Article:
We spent a week in Iceland last month. It was our second visit to the magical isle, and we are already plotting our third. That sculpture stands on the shore of Eyjafjordur, north of Dalvik as we headed for the Trollskagi coast.
Here we are at the Arctic Circle, where it was refreshingly cool:
We saw lots and lots of the beautiful, sturdy Icelandic horses. These were on Grimsey Island:
A view of Lake Myvatn. (We hope to return to this area during winter, to soak in hot pools under the Northern Lights.)
The first of three mighty waterfalls we saw on this trip was Selfoss:
Zachary photographs Dettifoss, Europe’s highest-volume waterfall:
Rainbow over Dettifoss:
Finally, a fixer-upper we fell for on Snaefellsnes:
This weekend I’ll be traveling to New York–barring a hurricane-caused disruption–for the launch of Triangle Square Books, a new children’s and YA nonfiction imprint from Seven Stories Press.
Seven Stories is the publisher of my YA adaptation of Howard Zinn’s People’s History of the United States, as well as my new YA adaptation of Ronald Takaki’s history of multicultural America, A Different Mirror. Seven Stories has long been committed to publishing progressive books on politics, history, and social and environmental justice. I believe Triangle Square will fill an important need, and I can’t wait to see what books they will be offering to young readers.
. . . in the making of this campsite. The big stump was there when we arrived. There was one twice as big just across the road.
Zachary and I recently returned from a California road trip. We spent most of it camping, hiking, swimming, and canyoneering (including a crawl along a lovely cold cave stream) in Kings Canyon and Sequoia National Parks. Awesome places, and much less visited than Yosemite.
We saw a lot of big trees. Really big. We almost saw bears–while we were pitching the campsite in the photo, two bears strolled through the campground, a small and almost unoccupied one near the end of the long and bumpy road to Mineral King, a high alpine area that ended up being my favorite part of Sequoia. We heard about the bears later from the other camper there; we had apparently been too busy untangling our tent poles to notice.
One of the best parts of the trip was the evening we climbed Divide, across a dusky gulf of air filled with swallows. (I thought with a chill of the Eyrie in the Vale of Arryn.)
After leaving the parks we headed to Marin and Sonoma counties for Z’s high-school reunion (oh, the stories I heard!) and a stroll down memory lane as Z showed me various places he’d lived. Then we drove up the coast through the redwood forests–more big trees!–and eventually home.
The worst part of the trip was when the car’s AC crapped out on the first day. Most of the time we were okay without it, but our itinerary required us to make two long traverses of “the valley”–and now I fully understand, and share, the contempt with which that phrase is usually uttered. It was 106 in Fresno when we passed through, and the whole region is as bleak, dusty, and cheerless as the Plains of Mordor. But the mountains and the coast more than made up for it.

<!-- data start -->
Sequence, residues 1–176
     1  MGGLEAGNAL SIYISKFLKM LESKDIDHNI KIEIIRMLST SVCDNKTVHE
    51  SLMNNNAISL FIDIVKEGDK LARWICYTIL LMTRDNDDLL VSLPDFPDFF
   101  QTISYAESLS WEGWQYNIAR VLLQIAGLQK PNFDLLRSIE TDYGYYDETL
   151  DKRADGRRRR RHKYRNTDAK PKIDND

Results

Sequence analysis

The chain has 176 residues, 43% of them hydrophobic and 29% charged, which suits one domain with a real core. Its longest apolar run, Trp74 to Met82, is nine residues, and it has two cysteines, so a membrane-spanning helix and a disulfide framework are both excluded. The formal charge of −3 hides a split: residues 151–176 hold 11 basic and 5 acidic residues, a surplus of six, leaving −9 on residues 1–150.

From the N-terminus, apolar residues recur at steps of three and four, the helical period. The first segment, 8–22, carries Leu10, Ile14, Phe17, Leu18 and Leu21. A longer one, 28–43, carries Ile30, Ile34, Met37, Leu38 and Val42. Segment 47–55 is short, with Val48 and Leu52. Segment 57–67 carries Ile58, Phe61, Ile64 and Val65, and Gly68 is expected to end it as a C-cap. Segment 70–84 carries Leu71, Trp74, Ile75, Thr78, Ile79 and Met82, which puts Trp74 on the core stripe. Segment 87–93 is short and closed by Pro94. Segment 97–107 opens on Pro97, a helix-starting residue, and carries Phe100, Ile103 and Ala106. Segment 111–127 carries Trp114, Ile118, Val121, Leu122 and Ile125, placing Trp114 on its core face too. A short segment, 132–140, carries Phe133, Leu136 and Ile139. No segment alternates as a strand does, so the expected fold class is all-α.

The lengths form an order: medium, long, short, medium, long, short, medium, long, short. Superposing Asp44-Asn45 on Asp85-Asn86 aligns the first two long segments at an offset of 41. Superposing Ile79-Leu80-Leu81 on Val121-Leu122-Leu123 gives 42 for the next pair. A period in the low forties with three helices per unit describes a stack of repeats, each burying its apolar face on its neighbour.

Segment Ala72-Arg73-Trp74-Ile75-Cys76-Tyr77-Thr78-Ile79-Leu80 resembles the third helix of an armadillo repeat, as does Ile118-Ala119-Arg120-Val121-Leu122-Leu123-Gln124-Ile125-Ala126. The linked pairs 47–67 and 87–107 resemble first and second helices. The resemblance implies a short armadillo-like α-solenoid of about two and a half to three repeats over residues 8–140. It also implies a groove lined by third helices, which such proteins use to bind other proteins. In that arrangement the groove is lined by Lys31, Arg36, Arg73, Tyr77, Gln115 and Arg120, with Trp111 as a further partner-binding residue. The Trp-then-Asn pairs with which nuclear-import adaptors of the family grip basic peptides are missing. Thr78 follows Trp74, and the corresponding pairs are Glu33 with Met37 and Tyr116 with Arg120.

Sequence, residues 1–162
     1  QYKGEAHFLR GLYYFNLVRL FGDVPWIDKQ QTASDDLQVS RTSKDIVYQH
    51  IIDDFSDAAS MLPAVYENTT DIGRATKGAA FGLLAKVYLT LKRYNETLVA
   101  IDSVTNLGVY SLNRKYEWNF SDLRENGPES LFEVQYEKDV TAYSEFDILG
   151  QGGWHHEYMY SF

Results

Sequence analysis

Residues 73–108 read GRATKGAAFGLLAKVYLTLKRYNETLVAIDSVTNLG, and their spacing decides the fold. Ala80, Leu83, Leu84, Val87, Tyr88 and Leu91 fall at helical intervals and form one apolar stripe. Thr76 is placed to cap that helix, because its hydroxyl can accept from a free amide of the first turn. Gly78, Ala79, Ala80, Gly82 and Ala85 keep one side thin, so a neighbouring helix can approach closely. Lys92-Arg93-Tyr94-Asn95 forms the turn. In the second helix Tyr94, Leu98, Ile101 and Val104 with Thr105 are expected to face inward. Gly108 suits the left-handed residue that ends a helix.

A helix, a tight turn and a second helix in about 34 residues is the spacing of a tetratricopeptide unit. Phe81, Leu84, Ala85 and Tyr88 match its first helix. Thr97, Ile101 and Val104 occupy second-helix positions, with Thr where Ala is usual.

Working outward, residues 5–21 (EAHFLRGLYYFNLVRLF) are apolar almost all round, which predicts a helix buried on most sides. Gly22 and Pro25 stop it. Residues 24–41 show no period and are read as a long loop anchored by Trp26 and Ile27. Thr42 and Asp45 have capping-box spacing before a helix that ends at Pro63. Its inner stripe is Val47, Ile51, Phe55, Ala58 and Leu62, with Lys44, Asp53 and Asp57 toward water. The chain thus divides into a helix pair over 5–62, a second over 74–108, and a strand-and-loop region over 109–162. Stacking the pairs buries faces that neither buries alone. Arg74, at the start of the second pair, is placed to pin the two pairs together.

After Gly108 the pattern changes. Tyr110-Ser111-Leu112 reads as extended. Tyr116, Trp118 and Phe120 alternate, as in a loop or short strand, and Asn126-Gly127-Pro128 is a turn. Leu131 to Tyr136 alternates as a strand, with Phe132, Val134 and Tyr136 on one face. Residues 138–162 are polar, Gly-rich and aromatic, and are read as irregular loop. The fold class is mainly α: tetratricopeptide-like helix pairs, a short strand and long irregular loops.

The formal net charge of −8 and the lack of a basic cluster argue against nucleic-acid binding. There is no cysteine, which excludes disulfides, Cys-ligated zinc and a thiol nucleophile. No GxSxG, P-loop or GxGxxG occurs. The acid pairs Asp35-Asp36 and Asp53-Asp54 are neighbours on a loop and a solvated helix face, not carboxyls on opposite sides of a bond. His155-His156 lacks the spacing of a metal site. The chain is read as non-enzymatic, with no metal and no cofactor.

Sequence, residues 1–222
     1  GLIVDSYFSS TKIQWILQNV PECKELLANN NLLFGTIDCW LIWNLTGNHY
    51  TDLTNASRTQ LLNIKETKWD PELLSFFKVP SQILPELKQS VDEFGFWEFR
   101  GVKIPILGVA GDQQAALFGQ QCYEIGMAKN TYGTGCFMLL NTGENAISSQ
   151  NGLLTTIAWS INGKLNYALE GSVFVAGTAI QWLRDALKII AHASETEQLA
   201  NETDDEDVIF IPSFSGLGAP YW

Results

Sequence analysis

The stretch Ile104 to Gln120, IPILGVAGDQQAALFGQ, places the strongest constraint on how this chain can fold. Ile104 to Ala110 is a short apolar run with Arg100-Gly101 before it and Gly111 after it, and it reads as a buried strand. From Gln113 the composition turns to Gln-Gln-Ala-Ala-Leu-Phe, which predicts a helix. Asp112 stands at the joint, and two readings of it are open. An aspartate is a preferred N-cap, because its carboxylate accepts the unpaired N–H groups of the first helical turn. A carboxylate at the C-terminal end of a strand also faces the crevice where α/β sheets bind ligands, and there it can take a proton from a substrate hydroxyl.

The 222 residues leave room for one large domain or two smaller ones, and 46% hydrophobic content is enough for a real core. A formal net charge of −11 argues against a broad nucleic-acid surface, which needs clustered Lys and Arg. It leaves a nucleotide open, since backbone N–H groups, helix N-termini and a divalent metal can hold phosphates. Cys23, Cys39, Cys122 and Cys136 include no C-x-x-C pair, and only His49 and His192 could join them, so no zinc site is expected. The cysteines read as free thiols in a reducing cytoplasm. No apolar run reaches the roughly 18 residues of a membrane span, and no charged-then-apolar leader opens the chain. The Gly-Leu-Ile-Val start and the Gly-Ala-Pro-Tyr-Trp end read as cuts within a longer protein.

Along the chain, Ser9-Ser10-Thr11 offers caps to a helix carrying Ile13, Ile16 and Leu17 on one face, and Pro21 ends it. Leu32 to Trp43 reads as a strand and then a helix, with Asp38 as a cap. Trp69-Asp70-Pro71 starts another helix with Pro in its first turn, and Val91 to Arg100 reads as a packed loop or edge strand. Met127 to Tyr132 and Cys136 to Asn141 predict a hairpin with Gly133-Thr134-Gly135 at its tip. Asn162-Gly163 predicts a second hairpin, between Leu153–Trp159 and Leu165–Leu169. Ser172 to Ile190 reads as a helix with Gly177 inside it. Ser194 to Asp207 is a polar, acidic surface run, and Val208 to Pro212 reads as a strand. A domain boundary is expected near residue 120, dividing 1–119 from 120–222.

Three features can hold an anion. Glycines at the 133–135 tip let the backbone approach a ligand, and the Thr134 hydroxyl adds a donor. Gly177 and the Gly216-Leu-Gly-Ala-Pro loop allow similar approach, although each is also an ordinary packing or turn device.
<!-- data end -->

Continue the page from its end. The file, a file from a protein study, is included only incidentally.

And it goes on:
Actually, that may not have been the worst part of the trip. My publisher went out of business while we were on vacation–but that’s another story.
I kind of fell in love with LA this time around.
Zachary and I returned on Wednesday from a few days there. The trip was his idea, inspired by (1) the massive art event known as Pacific Standard Time, and (2) $40 one-way fares between Portland and Santa Ana.
We spent the first night at the at UC Irvine in the late 60s, when people like Chris Burden were doing insane, amazing stuff. We also spent time with our friend Magda and had dinner one evening with one of Z’s old friends from his LA years: a woman he hadn’t seen for twenty-five years. Her husband and I were vastly entertained and slightly aghast at their reminiscences about those addled times.
I’ve been in LA before, but this time I really loved it. The weather was perfect: mild temps, blue skies, and one rainstorm that didn’t interfere with our activities but scrubbed the air until it sparkled. Another benefit was that Z, who lived there for seven years and knows his way around, did most of the driving. All in all, I wouldn’t want to live there, as they say, but it’s a great place to visit. We’ll go back when we can catch another bargain fare.
Turned in long-overdue ms. of bio of Stephen King not 90 minutes ago. Last 8 days = major write-athon with far too little sleep. Now unable to think or write in complete sentences. Hope I managed it in the ms.
Packing now, and watering yard, and writing note for cat-care person, etc. We leave for Iceland tomorrow at 11 a.m. Last I heard, temps in Portland are supposed to hit triple digits for at least the first 3 days of next week, and generally very high otherwise. Forecast for Reykjavik for same time period: 61 and showers. Yay!
Pix and details on the other side. May all here have an excellent week.